WILMINGTON, N.C. (Reuters) – Beach communities in North and South Carolina emptied out on Wednesday as Hurricane Florence threatened to unleash pounding surf and potentially deadly flooding as the most powerful storm to make a direct hit on the states in decades.
A police vehicle patrols the beach ahead of the arrival of Hurricane Florence in Myrtle Beach, South Carolina, U.S. September 11, 2018. REUTERS/Randall Hill
Florence had maximum sustained winds of 130 miles per hour (215 km per hour) and was on a trajectory that showed its center most likely to strike the southern coast of North Carolina by Friday, the National Hurricane Center said.
Updated NHC forecasts showed the storm lingering near the coast, bringing days of heavy rains that could bring intense inland flooding from South Carolina, where some areas could see as much as 40 inches (1m) of rain, to Virginia.
“This storm is big and it’s vicious,” North Carolina Governor Roy Cooper said on NBC’s “Today” Show on Wednesday. “Flooding is a significant risk here and often when there is flooding the people who can afford it the least get hit the most.”
More than 1 million people have been ordered to evacuate the coastline of the three states, while university campuses, schools and factories were being shuttered.
The NHC said the first tropical storm-force winds of at least 39 miles per hour (63 kph) would hit the region early on Thursday with the storm’s center reaching the coast Friday. At 8 a.m. (1200 GMT) on Wednesday the storm was located about 530 miles (855 km) southeast of Cape Fear, North Carolina.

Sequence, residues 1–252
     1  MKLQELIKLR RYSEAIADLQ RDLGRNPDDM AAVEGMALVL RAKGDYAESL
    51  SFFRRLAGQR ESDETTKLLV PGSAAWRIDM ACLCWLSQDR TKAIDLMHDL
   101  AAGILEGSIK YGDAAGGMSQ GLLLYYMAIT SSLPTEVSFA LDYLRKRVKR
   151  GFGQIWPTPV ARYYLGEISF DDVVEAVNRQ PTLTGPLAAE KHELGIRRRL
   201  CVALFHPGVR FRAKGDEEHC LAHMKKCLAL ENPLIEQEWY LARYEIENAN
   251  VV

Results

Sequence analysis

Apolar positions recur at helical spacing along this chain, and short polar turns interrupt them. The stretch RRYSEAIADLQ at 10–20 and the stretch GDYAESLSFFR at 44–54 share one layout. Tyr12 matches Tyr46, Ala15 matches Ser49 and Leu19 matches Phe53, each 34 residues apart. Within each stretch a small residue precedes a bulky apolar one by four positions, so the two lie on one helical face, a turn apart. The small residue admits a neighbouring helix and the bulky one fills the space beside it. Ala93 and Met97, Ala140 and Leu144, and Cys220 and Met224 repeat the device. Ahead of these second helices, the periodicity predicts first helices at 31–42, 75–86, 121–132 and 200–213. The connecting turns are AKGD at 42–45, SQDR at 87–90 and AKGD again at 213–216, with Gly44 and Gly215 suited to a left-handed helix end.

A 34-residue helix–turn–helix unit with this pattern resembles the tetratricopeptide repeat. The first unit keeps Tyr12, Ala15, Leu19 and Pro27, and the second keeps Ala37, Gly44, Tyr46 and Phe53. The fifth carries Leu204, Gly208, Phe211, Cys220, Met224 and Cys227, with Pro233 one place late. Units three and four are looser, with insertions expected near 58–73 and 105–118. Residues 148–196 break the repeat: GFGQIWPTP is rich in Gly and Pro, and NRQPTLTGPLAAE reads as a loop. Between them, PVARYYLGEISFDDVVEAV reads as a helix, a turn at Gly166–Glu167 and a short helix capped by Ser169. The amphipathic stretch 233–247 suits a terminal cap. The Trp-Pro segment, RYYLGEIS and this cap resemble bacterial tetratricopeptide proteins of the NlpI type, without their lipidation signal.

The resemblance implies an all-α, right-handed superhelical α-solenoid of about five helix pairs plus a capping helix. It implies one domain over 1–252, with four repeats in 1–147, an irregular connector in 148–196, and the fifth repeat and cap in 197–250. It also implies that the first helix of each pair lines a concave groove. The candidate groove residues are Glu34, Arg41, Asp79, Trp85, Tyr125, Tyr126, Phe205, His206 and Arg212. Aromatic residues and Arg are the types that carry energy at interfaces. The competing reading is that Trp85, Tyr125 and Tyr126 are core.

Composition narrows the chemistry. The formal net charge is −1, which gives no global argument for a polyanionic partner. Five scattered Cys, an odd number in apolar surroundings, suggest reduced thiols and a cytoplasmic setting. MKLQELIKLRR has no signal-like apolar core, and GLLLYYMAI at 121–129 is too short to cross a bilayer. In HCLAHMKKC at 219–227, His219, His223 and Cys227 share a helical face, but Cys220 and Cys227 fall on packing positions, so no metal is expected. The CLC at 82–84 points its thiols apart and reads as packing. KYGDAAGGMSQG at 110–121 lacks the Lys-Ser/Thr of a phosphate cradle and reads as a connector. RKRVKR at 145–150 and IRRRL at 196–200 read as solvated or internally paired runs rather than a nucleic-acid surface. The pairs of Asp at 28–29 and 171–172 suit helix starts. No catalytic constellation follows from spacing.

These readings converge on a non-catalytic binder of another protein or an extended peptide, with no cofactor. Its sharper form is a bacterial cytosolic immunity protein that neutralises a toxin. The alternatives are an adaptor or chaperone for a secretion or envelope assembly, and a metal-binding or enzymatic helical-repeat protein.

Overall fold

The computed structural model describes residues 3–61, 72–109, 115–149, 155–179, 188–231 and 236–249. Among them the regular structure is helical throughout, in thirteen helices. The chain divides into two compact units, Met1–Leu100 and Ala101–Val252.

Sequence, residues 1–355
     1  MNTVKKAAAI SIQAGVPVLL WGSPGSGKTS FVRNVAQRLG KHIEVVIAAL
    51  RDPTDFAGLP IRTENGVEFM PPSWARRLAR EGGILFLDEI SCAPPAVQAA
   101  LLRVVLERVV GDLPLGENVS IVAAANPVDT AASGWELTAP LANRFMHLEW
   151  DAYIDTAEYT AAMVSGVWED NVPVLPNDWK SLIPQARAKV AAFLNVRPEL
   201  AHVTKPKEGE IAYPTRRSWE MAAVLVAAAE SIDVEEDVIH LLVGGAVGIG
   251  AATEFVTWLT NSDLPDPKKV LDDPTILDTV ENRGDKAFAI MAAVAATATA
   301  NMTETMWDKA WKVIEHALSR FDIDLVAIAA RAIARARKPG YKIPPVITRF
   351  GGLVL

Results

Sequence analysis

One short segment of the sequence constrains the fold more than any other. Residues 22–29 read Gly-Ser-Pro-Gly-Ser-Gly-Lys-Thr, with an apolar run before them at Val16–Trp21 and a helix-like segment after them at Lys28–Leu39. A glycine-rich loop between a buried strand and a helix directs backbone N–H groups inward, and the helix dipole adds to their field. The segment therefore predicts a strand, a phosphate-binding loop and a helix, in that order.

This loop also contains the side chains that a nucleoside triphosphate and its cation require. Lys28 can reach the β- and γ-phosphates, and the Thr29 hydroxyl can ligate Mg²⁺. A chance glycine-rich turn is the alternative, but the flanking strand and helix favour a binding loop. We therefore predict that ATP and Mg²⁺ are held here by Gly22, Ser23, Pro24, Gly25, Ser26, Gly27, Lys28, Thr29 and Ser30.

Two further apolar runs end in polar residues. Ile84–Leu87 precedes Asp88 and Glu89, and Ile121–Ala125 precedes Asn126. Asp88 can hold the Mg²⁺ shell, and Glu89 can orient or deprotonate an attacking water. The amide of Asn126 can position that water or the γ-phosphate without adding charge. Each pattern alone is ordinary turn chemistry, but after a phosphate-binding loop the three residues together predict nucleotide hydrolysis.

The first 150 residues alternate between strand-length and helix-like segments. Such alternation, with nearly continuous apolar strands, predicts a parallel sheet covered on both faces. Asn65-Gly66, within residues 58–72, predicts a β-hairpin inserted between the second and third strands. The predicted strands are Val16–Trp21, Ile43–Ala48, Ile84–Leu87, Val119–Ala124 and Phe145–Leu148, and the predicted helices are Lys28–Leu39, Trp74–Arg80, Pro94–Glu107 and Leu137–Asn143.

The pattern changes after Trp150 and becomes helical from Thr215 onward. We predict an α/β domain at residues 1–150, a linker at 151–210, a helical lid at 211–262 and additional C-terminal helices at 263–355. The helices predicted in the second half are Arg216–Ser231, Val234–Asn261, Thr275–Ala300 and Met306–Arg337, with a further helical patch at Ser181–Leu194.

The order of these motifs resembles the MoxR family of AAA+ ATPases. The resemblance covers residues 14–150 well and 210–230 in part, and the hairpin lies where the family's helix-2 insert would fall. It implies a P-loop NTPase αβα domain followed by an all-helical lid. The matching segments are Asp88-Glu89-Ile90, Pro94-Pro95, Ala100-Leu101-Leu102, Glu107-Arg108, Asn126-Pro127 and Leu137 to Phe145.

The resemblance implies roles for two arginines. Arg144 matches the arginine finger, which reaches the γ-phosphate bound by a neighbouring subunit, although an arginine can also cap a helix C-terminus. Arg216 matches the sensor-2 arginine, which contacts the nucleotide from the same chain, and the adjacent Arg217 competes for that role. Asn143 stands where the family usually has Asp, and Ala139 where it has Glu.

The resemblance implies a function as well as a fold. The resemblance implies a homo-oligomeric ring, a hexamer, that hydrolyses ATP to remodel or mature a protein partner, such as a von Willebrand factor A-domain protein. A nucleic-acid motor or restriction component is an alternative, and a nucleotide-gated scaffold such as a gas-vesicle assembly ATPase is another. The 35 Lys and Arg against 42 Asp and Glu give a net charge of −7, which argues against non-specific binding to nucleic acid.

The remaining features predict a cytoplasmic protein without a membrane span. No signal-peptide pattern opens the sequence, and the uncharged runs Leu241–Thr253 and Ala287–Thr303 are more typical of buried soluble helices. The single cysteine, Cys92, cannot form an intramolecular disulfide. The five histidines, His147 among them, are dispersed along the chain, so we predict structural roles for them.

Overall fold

U.S. President Donald Trump on Twitter warned of the storm’s dangers and praised his administration’s handling of past hurricanes, rejecting criticism for its response to Hurricane Maria last year in Puerto Rico. Some 3,000 people died in the aftermath of that storm.
“Hurricane Florence is looking even bigger than anticipated,” Trump said. “We got A Pluses for our recent hurricane work in Texas and Florida (and did an unappreciated great job in Puerto Rico, even though an inaccessible island with very poor electricity and a totally incompetent Mayor of San Juan). We are ready for the big one that is coming!”
To hasten evacuations from coastal South Carolina, officials switched traffic patterns so that all major roads led away from shore.
The last hurricane rated a Category 4 on the five-step Saffir-Simpson to plow directly into North Carolina was Hazel in 1954, a devastating storm that killed 19 people.
Communities could lose electricity for weeks, Federal Emergency Management Agency Administrator Brock Long said.
Crews also prepared 16 nuclear reactors in the three-state region for the storm.
The American Red Cross said more than 700 workers were headed to the region while shelters were set up to house those unable to flee.
The U.S. Coast Guard closed ports in Wilmington and Morehead City in North Carolina and Hampton Roads, Virginia, to inbound vessels greater than 500 tons and was requiring vessels of that size to leave if they did not have permission to be in the ports.
Some residents were resisting governors’ calls to flee the region but remained fearful about the threats posed by the Florence.
“I’m scared we’ll get 30 inches or more of rain,” said Carol Trojniar, 69, a longtime Wilmington resident and retired real estate agent who has never experienced a Category 4 hurricane. “What is flooding going to do to our home, our city?”
Trojniar said she and her husband were packing up belongings and planned to stack sandbags around their single-floor home in Wilmington’s Landfall neighborhood near the ocean before checking into a hotel to ride out the storm.
“Where else can we go?” she said. “If we try to leave, we’ll just get stuck in the rain.”
(For graphic on Hurricane Florence heads toward Carolinas, click tmsnrt.rs/2oZ5m1v)
Additional reporting by Brendan O’Brien in Milwaukee and Bernie Woodall in Fort Lauderdale, Florida; Editing by Scott Malone and Bill Trott